The prorated property taxes you end up paying in your actual transaction are based on the home’s taxes and the date that escrow actually closes and cost from several hundred to a couple of thousand dollars. In some parts of the country, if you paid more than the prior owner for the property, you may also receive a supplemental property tax bill from your tax collector, after you close escrow, seeking payment for the incremental increase in the property taxes for your prorated period of ownership.

  • Attorney fees: In some eastern states, lawyers are involved (unfortunately from some participants’ perspectives) in real estate purchases. In most states, however, lawyers aren’t needed for home purchases as long as the real estate agents use standard, fill-in-the-blank contracts. If you do hire an attorney, expect to pay at least several hundred dollars.
  • Property inspections: As advocated in Home Buying For Dummies (Wiley), you should always have a home professionally inspected before you buy it. Inspection fees usually cost at least several hundred dollars (larger homes cost more to inspect of course). Be sure to carefully review this report and ask for additional information or hire a specialized contractor to conduct further investigation for any noted item of concern. If you are able, accompany the inspector when he inspects the property.
  • Private mortgage insurance (PMI): If you make a down payment of less than 20 percent of the purchase price of the home, mortgage lenders generally require that you take out private mortgage insurance that protects the lender in case you default on your mortgage. You may need to pay up to a year’s worth of premium for this coverage at closing, which can amount to as much as several hundred dollars. One terrific way to avoid this extra cost is to make a 20 percent down payment.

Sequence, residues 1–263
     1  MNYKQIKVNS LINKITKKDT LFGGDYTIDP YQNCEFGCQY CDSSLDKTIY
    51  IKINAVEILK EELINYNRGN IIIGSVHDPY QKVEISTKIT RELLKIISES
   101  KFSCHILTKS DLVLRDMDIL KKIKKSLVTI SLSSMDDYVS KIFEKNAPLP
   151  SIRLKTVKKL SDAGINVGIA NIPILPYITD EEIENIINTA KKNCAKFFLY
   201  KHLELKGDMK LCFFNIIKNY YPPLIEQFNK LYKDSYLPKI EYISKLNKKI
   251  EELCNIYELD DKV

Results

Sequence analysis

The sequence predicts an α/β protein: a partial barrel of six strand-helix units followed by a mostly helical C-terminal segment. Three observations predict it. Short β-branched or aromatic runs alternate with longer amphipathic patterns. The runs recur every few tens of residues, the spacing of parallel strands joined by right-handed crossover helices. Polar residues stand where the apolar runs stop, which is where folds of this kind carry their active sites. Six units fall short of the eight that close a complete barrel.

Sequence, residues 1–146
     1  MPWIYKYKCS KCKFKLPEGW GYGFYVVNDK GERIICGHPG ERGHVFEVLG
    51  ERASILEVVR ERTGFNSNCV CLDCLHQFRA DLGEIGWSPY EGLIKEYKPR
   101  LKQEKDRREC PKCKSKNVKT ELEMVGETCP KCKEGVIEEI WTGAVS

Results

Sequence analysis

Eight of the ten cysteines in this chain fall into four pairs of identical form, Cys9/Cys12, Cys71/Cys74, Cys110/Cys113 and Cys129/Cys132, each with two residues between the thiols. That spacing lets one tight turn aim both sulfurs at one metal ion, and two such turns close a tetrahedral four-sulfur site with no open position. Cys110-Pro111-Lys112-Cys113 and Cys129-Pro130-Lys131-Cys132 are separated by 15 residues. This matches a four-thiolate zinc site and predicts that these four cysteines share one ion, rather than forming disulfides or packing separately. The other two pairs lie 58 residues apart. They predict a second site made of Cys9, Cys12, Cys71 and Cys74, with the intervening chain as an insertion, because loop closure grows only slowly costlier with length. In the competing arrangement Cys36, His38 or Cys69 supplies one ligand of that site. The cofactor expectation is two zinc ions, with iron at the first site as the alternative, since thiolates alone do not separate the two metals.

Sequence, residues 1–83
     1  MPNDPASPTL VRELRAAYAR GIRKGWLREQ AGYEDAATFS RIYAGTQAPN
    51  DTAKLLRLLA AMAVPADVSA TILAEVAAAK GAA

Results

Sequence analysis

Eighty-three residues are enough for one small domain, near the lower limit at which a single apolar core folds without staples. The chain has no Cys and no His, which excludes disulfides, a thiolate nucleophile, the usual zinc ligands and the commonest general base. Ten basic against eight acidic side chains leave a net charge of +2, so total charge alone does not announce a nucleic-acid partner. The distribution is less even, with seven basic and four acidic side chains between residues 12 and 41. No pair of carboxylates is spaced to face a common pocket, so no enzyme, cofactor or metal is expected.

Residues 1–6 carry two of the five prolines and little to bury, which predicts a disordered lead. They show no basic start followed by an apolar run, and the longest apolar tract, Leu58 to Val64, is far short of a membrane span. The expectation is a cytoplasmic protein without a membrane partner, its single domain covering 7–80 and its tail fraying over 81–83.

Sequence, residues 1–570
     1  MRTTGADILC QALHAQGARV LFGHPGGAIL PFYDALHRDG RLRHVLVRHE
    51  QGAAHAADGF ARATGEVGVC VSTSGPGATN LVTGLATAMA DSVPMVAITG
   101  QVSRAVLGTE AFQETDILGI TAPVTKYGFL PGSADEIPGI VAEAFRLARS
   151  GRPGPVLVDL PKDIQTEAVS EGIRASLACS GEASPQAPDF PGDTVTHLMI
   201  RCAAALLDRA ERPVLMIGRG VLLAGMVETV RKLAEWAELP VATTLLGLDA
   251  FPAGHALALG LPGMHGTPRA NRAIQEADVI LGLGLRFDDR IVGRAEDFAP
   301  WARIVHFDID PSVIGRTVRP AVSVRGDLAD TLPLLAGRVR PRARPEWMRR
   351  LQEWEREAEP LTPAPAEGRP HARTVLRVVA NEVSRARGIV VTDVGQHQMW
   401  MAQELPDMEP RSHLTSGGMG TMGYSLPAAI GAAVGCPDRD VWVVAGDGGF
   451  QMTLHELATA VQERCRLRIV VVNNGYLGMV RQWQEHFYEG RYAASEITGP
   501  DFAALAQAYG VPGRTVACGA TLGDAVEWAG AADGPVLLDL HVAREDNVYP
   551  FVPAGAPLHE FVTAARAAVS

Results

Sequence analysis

• Prepaid loan interest: At closing, the lender charges interest on your mortgage to cover the interest that accrues from the date your loan is funded — generally one business day before the closing — up to the day of your first scheduled loan payment. How much interest you actually have to pay depends on the timing of your first loan payment.

    If you’re strapped for cash at closing, try the following tricks to minimize the prepaid loan interest you owe at closing:

    • First, ask your lender which day of the month your payment will be due and schedule to close on the loan as few days in advance of that day as possible. (Payments are usually due on the first of the month, so closing on the last day of the month or a few days before is generally best.)
    • Or ask whether your lender is willing to adjust your monthly due date closer to the date you desire to close on your loan.
    • Also, never schedule a closing to occur on a Monday because the lender will generally have to put your mortgage funds into escrow the preceding Friday, causing you to pay interest for Friday, Saturday, and Sunday. (Some lenders may be able to accommodate a Monday closing by same-day wiring the funds for an afternoon closing.)
  • Other fees: Recording fees (to record the deed and mortgage), courier and express mailing fees, notary fees — you name it. These extra expenses usually total about $200 to $300. Note: Ask your mortgage lender for a complete listing of all fees and charges.